Considering its relatively diminutive size, at only just over four metres (4,039 mm) long, the Aveo is quite roomy inside, helped by a tallish body with a height of 1,517 mm
Ride and Handling
As a car for urban driving the Aveo is in its element. It has light steering that makes it easy and comfortable to manoeuvre into tight parking spaces. The downside is that you don’t get a great deal of feel through the steering wheel to inform you precisely where the road wheels are pointing, and the steering is sometimes a bit lighter than you might ideally like on an out-of-town road at speed.
Ride quality is reasonable. It is quite a firmly-sprung car, so you feel a jolt over potholes and know when the wheels are riding over a rough surface, but the ride generally is better than some bigger and more expensive cars. The Aveo’s handling is quite good too. On a twisty road the little Chevrolet is agreeable company, it has good body control and does not roll much on the corners.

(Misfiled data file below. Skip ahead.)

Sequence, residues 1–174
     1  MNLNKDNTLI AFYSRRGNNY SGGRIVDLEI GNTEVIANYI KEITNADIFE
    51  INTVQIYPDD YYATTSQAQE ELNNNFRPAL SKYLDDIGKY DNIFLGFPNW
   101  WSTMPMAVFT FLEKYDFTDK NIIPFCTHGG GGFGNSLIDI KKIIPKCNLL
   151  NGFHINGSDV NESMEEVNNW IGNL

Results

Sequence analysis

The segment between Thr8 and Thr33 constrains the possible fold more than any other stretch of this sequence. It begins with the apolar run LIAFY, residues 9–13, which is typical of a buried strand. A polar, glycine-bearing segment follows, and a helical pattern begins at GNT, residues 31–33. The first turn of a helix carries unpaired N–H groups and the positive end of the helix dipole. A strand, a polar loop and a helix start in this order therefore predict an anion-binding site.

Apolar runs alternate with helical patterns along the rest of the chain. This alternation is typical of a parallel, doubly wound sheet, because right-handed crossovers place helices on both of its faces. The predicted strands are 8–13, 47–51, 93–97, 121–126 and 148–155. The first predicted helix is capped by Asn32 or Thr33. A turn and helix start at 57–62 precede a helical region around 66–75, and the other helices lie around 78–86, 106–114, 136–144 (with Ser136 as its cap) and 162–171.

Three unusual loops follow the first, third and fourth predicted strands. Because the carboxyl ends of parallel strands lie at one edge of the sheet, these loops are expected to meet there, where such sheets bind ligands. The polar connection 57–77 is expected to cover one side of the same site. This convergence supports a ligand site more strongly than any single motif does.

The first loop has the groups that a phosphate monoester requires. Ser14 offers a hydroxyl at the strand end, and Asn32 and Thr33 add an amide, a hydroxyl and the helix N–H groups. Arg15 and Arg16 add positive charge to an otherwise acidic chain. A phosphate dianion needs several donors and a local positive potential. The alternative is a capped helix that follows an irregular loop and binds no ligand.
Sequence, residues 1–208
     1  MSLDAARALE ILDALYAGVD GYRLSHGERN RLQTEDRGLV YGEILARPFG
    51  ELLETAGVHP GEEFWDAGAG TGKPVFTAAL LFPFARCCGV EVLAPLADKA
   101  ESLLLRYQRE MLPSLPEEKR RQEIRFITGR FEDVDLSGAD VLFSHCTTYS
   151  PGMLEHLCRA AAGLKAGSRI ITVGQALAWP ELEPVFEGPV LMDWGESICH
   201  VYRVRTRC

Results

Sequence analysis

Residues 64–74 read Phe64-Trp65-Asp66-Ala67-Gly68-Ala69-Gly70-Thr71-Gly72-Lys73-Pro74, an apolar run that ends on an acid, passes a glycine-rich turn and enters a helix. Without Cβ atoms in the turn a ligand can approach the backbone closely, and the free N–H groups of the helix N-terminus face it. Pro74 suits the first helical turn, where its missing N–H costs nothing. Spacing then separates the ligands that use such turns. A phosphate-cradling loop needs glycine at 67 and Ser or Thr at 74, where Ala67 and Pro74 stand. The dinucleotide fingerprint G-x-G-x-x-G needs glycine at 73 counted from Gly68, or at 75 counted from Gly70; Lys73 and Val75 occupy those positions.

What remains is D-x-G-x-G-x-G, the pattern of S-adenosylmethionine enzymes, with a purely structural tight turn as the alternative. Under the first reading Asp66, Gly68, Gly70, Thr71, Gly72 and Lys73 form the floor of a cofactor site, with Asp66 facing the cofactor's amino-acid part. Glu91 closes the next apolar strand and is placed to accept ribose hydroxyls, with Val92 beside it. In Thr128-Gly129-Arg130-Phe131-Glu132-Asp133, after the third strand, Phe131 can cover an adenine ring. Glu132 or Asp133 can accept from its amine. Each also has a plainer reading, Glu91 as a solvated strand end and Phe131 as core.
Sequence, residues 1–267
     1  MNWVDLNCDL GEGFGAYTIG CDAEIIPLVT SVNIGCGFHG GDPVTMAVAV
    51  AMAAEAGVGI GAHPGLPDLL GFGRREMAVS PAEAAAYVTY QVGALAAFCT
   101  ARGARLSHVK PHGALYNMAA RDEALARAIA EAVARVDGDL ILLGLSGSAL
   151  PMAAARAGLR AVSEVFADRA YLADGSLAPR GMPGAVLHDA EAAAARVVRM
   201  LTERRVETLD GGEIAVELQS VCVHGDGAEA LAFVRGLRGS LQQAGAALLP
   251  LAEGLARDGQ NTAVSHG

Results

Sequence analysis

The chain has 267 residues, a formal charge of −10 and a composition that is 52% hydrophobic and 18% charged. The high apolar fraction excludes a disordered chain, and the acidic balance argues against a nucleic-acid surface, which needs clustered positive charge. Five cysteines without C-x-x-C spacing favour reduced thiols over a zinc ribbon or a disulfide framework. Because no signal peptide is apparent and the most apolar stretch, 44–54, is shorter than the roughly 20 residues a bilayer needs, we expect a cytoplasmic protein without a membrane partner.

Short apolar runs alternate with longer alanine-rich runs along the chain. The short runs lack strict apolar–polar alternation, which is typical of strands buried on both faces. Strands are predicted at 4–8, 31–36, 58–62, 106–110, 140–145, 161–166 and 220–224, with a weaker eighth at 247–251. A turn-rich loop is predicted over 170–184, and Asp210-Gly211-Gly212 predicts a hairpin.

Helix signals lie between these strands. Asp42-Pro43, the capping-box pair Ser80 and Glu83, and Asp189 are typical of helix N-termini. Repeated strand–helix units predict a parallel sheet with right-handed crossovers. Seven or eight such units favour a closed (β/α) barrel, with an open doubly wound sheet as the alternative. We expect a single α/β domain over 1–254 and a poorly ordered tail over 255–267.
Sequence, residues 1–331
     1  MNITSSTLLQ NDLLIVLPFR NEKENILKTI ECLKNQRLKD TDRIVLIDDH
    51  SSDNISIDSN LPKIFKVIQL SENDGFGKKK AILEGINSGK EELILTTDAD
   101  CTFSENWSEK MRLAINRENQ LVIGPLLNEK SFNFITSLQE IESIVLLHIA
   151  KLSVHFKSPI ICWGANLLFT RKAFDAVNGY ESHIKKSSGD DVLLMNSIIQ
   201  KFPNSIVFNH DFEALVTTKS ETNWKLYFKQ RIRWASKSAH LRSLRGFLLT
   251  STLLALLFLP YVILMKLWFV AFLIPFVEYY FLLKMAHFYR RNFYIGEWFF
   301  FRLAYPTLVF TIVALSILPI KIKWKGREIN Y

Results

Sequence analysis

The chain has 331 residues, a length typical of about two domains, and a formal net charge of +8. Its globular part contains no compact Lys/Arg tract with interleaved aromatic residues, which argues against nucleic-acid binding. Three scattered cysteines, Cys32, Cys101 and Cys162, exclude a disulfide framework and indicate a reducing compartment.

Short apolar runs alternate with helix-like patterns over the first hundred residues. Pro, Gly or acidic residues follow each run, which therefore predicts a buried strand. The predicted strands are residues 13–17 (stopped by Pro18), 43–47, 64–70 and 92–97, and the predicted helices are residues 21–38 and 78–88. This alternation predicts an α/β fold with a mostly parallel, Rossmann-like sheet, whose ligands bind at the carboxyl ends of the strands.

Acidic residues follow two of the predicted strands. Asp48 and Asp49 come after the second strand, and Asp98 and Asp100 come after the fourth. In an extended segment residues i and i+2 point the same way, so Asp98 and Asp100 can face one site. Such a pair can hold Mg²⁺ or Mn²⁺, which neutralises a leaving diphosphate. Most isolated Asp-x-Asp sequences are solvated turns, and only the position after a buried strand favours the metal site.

Ease of Use
Considering its relatively diminutive size, at only just over four metres (4,039 mm) long, the Aveo is quite roomy inside, helped by a tallish body with a height of 1,517 mm. Six footers can sit perfectly comfortably with ample headroom in any of the seats. There is room for three adults in the back, but it is a bit of a squeeze for the one in the middle.
There is good adjustment for the driving position, with height adjustment on the driving seat, and both fore-aft and rake adjustment on the steering wheel. The back seat folds to extend luggage space, and the seat back is split 60/40. The boot holds 290 litres with the back seat in place, which is pretty typical for a car this size, and there is 653 litres of luggage accommodation with the rear seats stowed. The Aveo is capable of towing up to 1,000 kg.